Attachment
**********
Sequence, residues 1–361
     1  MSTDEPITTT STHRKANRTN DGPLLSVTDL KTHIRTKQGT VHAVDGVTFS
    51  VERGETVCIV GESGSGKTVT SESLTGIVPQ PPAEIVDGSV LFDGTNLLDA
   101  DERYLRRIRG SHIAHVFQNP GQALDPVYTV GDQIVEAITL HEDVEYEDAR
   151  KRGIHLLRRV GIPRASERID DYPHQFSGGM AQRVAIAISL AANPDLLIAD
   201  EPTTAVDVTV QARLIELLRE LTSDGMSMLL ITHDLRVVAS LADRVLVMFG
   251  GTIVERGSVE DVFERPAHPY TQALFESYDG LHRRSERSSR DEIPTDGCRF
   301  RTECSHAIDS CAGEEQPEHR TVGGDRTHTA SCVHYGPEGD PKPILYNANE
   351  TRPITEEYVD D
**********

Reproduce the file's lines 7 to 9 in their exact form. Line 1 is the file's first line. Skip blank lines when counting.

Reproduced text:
   251  GTIVERGSVE DVFERPAHPY TQALFESYDG LHRRSERSSR DEIPTDGCRF
   301  RTECSHAIDS CAGEEQPEHR TVGGDRTHTA SCVHYGPEGD PKPILYNANE
   351  TRPITEEYVD D